My informant explains that her old high school has an age-old rival high school in the same city. She remembers that the graduating seniors of every year would perform a prank on the rival school, and the rival school would do the same. These pranks were usually harmless, but sometimes costly to recover from. She remembers that in her senior year of high school, a few seniors from her school dyed the rival school’s pool purple, which was her school’s colors. The rival school, looking for revenge, threw two queen-sized mattresses in her school’s pool, which absorbed a large amount of water, making it impossible to lift them out of the pool without a crane. She laughed as she recounted these memories to me.
My informant is a college student studying Business. She was school spirited in high school and claims to have always participated in senior activities with her classmates. She explains that nobody she asked could remember how the rivalry between the two high schools started. However, according to my informant, it is not hard to draw conclusions. Both schools were located in the same small suburb of Los Angeles, ranked academically high, and held strong sports teams. She concludes that these factors may have caused, in her own words, this “friendly, but not-so-friendly” rivalry between the two high schools. She explains that in addition to the senior pranks, there would be one school day out of the entire academic year dedicated to pep rallies and parties to encourage the football team to beat the rival school later that day. She explains that these schools were rivals in every way, but her favorite part of the rivalry was the senior pranks.
These senior pranks are performed by high school seniors. Faculty members knew about the pranks and were aware of the plans for the pranks, but never interfered with them unless they saw a safety issue or a health hazard that could possibly result from the pranks. Usually, these pranks were performed later in the year, when most seniors suffered from “senioritis” and would rather organize pranks than do any more schoolwork.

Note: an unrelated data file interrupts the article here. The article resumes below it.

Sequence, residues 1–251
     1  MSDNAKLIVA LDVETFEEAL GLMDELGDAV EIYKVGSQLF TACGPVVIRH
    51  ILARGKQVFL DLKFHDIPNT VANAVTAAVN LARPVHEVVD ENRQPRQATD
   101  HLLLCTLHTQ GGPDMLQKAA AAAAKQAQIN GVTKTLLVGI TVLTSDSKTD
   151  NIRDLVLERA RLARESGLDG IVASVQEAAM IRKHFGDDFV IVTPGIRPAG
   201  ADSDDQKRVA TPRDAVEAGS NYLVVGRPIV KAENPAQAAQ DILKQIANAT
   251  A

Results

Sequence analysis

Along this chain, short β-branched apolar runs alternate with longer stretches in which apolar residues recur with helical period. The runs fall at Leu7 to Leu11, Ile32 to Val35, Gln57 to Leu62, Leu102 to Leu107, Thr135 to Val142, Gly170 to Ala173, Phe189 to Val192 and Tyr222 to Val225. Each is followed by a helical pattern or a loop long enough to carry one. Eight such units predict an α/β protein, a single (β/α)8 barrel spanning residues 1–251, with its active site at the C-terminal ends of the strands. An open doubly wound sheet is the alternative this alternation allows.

I attended the same high school as my informant, and can attest to the large-scale rivalry between these two high schools. The pranks that the seniors performed were generally creative and inventive, but the pranks were not as important as the act of organizing these pranks. Students came together after school to meticulously plan their pranks to perfection. This goes to show that the prank itself was not important. The value of this tradition came from the act of coming together.
High school seniors are in a liminal period. They are transitioning from their identity as a student to their identity as an adult, whether they enter the workforce or go off to college. Senior pranks are a form of rite of passage. According to French ethnographer Arnold van Gennep, practical jokes and pranks such as senior pranks are performed during these liminal times to ease the tensions and anxieties that come with the transition. Thus, we can conclude that senior pranks were a way to smoothen the transition from student to adult for high school seniors.